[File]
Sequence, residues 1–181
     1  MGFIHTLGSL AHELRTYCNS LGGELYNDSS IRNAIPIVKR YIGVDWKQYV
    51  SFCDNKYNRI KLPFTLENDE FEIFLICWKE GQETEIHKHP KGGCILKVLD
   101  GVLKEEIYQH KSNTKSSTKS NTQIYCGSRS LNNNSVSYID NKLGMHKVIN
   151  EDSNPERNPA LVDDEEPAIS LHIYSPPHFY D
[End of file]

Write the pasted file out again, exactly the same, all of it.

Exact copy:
Sequence, residues 1–181
     1  MGFIHTLGSL AHELRTYCNS LGGELYNDSS IRNAIPIVKR YIGVDWKQYV
    51  SFCDNKYNRI KLPFTLENDE FEIFLICWKE GQETEIHKHP KGGCILKVLD
   101  GVLKEEIYQH KSNTKSSTKS NTQIYCGSRS LNNNSVSYID NKLGMHKVIN
   151  EDSNPERNPA LVDDEEPAIS LHIYSPPHFY D